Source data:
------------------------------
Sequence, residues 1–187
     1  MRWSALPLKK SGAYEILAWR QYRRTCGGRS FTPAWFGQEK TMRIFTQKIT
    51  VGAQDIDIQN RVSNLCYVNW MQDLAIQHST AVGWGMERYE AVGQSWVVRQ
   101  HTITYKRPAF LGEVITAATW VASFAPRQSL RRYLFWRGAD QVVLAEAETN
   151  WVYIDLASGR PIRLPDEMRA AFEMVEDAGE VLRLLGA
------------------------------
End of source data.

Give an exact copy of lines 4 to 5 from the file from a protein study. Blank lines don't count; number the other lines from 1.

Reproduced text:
   101  HTITYKRPAF LGEVITAATW VASFAPRQSL RRYLFWRGAD QVVLAEAETN
   151  WVYIDLASGR PIRLPDEMRA AFEMVEDAGE VLRLLGA